MiFID II faces a tough road ahead
Despite last month’s European Parliament vote, MiFID II will continue to be dogged by contentious issues and political infighting between member states ahead of the European elections on 22 May, say industry observers.
Some of the key problems include vigorous national lobbying, the clash of inconsistent definitions between separate regulations, the challenge of applying new rules to FX and fixed income, incompatible national standards and a lack of preparation for a second wave of rules on trade reporting.
MiFID II is a revision of the Markets in Financial Instruments Directive, which came into force in 2007. Its primary goals are to increase transparency and fair competition in capital markets, and to bring other non-equity asset classes such as FX and fixed income under the scope of the single European rulebook.
“It surprises me to say this, but I actually feel sorry for the bureaucrats in Brussels,” said Jeremy Taylor, specialist in derivatives at consultancy Rule Financial. “In the UK and in Germany, national politicians are quite protective against any perceived threat to their domestic industries. There’s a real issue lying ahead with open access to clearing services. Meanwhile, a lot of banks don’t fully realise that MIFID II is going to have a major impact on trade reporting.”
In Germany, derivatives exchange Eurex is one of the two dominant derivatives venues in Europe, alongside rival Liffe. Until now, Eurex has operated a siloed clearing model in which participants trading on Eurex have no choice but to use the clearing house of the incumbent exchange. However, MiFID II establishes the principle of open access to clearing – meaning that participants should be able to choose an alternative clearing provider if they so wish. According to Taylor, Germany has lobbied furiously against that provision.
“It’s highly political,” he said. “Germany has been vocal in calling for the open clearing requirement to be watered down. One of the major concerns we have for MiFID II is that the EU elections may be contributing to the political baggage surrounding the directive. There are plenty of anti-bank politicians lobbying on a populist basis, and that makes for poor regulation.”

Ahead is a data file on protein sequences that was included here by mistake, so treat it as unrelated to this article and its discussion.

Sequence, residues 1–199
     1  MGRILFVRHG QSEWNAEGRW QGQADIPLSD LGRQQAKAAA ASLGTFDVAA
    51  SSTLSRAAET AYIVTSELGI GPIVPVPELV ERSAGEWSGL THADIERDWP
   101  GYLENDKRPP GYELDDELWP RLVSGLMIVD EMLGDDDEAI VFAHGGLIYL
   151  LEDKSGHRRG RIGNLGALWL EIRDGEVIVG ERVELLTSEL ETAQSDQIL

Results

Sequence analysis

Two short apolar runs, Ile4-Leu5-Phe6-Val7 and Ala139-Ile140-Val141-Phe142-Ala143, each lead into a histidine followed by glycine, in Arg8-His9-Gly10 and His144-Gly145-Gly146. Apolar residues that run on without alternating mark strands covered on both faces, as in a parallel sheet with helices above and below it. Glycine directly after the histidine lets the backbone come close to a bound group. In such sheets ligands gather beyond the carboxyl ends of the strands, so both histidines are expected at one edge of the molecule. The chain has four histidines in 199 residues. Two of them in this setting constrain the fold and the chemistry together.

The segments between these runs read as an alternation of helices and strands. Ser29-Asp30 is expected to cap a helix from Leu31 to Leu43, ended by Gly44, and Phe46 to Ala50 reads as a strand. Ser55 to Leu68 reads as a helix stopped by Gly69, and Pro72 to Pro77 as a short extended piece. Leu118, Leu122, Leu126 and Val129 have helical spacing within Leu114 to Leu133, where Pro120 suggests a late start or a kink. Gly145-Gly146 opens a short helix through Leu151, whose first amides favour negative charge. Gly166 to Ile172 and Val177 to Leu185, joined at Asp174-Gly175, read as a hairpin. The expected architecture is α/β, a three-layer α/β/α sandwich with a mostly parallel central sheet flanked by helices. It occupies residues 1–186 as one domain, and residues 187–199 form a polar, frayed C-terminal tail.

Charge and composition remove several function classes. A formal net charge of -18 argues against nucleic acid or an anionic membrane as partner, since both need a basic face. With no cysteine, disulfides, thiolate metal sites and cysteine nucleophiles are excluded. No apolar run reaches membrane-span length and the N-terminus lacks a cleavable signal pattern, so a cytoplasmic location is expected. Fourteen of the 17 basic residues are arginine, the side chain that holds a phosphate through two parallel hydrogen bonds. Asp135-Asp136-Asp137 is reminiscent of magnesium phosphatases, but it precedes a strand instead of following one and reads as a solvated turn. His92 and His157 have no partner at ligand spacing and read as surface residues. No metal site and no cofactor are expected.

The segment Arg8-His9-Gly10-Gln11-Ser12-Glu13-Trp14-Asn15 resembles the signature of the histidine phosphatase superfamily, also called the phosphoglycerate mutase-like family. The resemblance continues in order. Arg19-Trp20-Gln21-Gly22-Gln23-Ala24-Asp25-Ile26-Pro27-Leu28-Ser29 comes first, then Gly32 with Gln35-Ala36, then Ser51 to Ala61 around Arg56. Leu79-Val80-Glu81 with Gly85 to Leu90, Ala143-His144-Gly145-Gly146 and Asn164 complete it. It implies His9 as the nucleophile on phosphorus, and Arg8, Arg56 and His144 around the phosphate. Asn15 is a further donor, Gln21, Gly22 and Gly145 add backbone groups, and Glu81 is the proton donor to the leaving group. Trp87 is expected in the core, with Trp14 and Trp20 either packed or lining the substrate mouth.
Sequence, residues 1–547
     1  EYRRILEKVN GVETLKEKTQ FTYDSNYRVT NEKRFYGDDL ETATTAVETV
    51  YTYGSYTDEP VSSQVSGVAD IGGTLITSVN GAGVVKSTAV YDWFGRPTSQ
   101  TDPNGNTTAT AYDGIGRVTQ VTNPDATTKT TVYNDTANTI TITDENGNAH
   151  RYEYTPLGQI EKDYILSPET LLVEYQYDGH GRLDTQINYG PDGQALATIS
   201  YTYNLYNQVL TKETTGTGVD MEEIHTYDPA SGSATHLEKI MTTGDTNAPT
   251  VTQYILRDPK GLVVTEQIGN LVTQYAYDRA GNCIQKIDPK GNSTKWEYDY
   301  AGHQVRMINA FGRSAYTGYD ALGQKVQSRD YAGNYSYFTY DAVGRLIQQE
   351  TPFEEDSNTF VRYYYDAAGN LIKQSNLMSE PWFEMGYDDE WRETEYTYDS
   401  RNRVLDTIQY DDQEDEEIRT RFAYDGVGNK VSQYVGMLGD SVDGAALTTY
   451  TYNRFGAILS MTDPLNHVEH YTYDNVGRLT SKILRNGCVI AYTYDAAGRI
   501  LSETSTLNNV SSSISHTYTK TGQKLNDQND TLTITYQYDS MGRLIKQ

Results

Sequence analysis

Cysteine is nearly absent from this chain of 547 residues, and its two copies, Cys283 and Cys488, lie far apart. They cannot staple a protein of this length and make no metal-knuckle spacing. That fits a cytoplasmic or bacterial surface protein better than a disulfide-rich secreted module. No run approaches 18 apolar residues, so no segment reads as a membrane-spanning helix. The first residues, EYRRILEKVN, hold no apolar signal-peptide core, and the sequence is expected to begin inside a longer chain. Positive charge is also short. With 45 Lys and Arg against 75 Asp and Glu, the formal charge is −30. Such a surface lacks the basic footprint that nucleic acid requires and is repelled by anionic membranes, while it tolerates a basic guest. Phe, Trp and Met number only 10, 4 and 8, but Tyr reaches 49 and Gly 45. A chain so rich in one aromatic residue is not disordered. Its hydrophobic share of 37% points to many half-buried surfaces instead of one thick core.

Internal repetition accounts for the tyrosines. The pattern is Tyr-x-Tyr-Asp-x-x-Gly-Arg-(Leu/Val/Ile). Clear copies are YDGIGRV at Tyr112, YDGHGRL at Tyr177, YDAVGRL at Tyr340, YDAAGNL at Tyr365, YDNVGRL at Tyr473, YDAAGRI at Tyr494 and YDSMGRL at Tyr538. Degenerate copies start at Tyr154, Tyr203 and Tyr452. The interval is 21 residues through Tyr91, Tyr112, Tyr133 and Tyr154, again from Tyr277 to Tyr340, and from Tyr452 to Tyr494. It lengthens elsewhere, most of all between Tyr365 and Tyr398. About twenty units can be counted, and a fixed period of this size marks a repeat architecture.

Taylor added that experience suggests the months ahead will be fraught with difficulty for the European authorities. In particular, he pointed out that Dodd-Frank in the US was hotly contested and resulted in legal action by Bloomberg and others in an attempt to change the legislation.
Meanwhile, the scope of the new rules is also leading to conflicts of interest and conflicts of interpretation, both between EU member countries and in some cases between the EU regulations themselves. Virginie O’Shea, senior analyst at Aite Group, warns that the definitions contained in regulations such as AIFMD and MiFID II may be incompatible with each other, leading to further problems.
“The rules haven’t been thought through in a consistent and joined-up manner,” said O’Shea. “So the way an asset manager is defined in one text is slightly different from the other, for example, which means a market participant may have to report a trade under one piece of regulation but not under the other, or they can use a reference price waiver under one rule, but not the other. It’s ridiculous.”
O’Shea points to the gradual eclipse of the European Commission’s planned Securities Law Directive, which was originally intended to set up a framework for supervising financial institutions and managing cross-border failures. While a draft text was released in March 2012 – four months later than planned – it has since made only slow progress towards its 2015 implementation goal. The European elections are unlikely to make matters easier, she added, since they will simply bring fresh personalities to the debate. In the meantime, significant barriers to clearing and settlement between different European countries remain.
“The way you hold funds is different in France, Germany, Spain and the UK and that’s a problem,” she said. “Even the way we categorise derivatives is different, despite EMIR. It’s a directive, so national regulators have scope to implement it. The result is France has gone one way and Britain has gone the other over FX derivatives. It’s not consistent.”
Other problems concern the attempt to bring together multiple asset classes under a single framework. In particular, non-equity markets that are considered “sufficiently liquid” are required to be traded on OTFs, the new category of trading venues created by MiFID II. However, the definition of sufficiently liquid is proving problematic. Furthermore, according to Taylor there will be more changes required to the trade reporting rules for derivatives – despite the recent EMIR deadline in February.
“Banks were all relieved that 12 of February trade reporting deadline under EMIR has passed, but they haven’t realised that MiFID II is coming with new trade reporting rules that will have a huge investment impact,” he said. “In EMIR you trade report on a T+1 basis. MiFID II will tighten that up to near real time, and it will specify what fields you have to use in reporting. That’s an extra layer of technology cost for banks to think about.”